2
$\begingroup$

I analyzed a bunch of microphotographs recently and used "% of image area" to describe the area of structures (chorionic villi, had to show their density in placenta). However my professor suggested I should have used mm2. There is no problem in conversion, but I suspect different microscopes may have different areas of field of view for the same scale. Thus the conversion will make the results just more difficult to interpret.

So does the absolute area of microphotographs of the same scale and size differ between microscopes/cameras? Or is it somehow standartized?

$\endgroup$
1
$\begingroup$

Thus the conversion will make the results just more difficult to interpret.

I'm not personally familiar with this specific measurement, but in general, unless there is a specific convention in how to report a measurement, an absolute measurement should make the results easier to interpret, not more difficult (vs. % of image area). From a quick search, it seems like absolute measures of area, volume, and density are typically used when reporting chorionic villi measurements, so there isn't a convention to do it another way.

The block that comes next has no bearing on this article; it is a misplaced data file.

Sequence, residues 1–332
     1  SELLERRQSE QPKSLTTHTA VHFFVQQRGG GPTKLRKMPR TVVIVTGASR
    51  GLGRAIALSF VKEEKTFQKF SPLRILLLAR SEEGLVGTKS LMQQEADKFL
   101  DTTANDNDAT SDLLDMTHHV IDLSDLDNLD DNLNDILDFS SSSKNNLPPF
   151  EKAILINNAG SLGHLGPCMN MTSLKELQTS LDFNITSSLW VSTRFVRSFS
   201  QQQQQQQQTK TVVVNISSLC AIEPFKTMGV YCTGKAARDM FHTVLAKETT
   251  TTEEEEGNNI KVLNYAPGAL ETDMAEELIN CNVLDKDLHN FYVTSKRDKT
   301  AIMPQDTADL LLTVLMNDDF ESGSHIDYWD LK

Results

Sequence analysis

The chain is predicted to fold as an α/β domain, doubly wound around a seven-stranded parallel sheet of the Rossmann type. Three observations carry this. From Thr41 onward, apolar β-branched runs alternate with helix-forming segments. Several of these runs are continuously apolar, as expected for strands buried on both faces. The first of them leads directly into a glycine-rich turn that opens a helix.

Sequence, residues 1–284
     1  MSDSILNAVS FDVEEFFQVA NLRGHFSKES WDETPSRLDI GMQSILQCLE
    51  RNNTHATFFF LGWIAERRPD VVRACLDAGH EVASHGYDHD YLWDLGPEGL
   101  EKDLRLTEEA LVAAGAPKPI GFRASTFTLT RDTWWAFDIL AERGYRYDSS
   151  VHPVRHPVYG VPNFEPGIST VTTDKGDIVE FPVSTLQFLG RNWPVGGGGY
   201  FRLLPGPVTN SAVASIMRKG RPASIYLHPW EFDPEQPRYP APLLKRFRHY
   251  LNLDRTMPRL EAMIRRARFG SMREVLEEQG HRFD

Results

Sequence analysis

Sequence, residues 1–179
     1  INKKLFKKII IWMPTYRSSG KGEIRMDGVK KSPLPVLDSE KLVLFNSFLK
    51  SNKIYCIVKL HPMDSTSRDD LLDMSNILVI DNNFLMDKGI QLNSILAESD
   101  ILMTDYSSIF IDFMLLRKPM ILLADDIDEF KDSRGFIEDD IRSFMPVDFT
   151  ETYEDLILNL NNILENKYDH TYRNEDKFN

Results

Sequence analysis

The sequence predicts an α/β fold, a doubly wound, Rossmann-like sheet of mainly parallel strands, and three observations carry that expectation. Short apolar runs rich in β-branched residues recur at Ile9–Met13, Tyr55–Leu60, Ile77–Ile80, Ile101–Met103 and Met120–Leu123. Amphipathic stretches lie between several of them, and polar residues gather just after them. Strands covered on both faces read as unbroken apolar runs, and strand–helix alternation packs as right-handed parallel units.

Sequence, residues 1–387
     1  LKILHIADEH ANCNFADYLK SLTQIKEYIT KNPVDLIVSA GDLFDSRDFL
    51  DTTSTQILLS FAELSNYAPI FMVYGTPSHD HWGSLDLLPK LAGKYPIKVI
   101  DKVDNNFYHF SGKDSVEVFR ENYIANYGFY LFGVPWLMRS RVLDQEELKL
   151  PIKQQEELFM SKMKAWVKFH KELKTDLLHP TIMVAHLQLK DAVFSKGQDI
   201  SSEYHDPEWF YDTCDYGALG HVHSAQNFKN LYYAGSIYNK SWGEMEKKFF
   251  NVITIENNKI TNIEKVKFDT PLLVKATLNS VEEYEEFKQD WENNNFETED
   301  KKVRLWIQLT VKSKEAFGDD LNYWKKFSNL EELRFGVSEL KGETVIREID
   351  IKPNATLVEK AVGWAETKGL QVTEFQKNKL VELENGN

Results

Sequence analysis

$\endgroup$

Your Answer

By clicking “Post Your Answer”, you agree to our terms of service, privacy policy and cookie policy

Not the answer you're looking for? Browse other questions tagged or ask your own question.